The science behind pronghorn’s speed

When we think of very fast land animals, the first one that comes to our mind is perhaps the cheetah. Why not? It is the fastest land animal! Do you know which one is the second fastest? The pronghorn. And, the theory behind how it developed such. speed is fascinating. Let's find out more about the animal and its sprinting capacity.

A hoofed mammal, the pronghorn is native to North America, and does not have any close relative anywhere in the world. Healthy populations of the animals exist in their range and are listed under 'Least Concern' in the International Union for Conservation of Nature Red List of Threatened Species. Though it looks a lot like an antelope, the herbivore belongs to its own taxonomic family called Antilocapridae. Pronghorns get their name from the forward-facing projection – the prong on their horns. Interestingly, their ‘horns’ exhibit characteristics of both a horn and an antler. The sheath of its horn is made of keratin, the substance horns are made of. But, these horns are forked and shed every year-just like antlers are! While much can be written about what else is unusual about the pronghorn, its most unique characteristic is its speed.

Running at more than 80 kmph, the pronghorn is the fastest land mammal in its entire natural range- from Canada through the US to Mexico in one aspect, it even gets better than the African cheetah-it can maintain a fast speed for a longer period of time than those carnivores. But the pronghom has no natural predator to match this speed, and so scientists had been stumped by the need for this speed. This is where the science of evolution comes in.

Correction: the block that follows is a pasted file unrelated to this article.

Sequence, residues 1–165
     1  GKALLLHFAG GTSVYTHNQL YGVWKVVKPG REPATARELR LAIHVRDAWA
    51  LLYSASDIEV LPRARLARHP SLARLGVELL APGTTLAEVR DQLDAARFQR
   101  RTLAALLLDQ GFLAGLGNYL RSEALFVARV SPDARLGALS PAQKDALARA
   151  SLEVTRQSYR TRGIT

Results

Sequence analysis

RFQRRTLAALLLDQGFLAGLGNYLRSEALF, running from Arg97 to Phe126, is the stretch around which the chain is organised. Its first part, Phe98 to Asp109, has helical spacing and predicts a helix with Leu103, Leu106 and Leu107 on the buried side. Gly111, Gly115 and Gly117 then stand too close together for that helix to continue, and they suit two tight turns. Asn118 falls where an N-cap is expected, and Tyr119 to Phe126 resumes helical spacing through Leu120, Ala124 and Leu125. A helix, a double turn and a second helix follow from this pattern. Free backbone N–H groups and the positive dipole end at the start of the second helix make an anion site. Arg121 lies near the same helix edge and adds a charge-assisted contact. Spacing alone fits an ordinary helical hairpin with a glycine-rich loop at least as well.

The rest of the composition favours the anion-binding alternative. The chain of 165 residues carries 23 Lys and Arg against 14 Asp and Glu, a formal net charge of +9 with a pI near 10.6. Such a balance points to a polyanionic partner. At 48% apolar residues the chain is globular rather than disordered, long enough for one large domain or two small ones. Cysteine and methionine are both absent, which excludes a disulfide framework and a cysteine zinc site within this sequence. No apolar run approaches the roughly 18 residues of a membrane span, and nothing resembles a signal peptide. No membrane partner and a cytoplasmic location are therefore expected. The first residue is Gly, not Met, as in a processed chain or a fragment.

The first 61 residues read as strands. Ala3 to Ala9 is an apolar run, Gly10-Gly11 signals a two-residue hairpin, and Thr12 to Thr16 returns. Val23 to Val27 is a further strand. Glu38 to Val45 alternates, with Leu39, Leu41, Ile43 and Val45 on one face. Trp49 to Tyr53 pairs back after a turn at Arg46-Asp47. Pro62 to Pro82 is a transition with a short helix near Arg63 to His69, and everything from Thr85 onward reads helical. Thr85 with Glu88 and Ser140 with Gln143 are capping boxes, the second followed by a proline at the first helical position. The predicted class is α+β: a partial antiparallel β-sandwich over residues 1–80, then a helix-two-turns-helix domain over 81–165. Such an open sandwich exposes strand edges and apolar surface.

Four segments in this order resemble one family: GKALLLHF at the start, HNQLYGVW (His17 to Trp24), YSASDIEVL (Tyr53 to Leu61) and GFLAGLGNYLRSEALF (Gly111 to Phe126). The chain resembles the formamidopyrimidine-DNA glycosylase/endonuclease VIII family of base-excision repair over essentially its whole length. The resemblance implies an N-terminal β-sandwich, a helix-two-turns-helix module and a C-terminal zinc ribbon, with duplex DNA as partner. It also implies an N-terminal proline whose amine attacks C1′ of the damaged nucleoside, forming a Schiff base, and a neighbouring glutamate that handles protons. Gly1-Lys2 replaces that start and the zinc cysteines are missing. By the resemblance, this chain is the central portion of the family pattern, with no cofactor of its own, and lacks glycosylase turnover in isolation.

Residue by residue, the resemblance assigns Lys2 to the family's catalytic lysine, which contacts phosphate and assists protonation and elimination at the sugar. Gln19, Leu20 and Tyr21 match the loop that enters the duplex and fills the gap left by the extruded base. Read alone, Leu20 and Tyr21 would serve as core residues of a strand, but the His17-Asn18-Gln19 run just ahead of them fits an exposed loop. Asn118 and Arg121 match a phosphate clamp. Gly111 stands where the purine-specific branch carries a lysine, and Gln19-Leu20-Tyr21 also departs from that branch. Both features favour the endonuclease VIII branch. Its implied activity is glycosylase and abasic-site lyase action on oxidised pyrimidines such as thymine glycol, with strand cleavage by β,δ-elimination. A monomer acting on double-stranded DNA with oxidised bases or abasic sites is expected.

According to a study published recently, during the Ice Age, North America was home to several mammals that no longer exist today. Some of them are well-known today – woolly mammoths, giant sloths, and saber-toothed cats. There were lesser-known ones too, such as ‘Miracinongs’ a cheetah-like cat. The skeletal remains of ‘Miracinonyx’ show that “this now-extinct cat shares the morphological characteristics that indicate high speed capabilities with its African counterpart, the cheetah (Acinony)”. It is a close relative of the puma and the African cheetah. Both puma and ‘Miracinonyx’ are native to North America. Results provide support to "the hypothesis that ‘Miracinonyx’ preyed upon Antilocapra, but not exclusively”. Though it is not seen as conclusive evidence and more study is required, scientists say this "may provide an explanation for why pronghorns are so fast. Maybe they were chased by cheetahs after all".

Picture Crdit : Google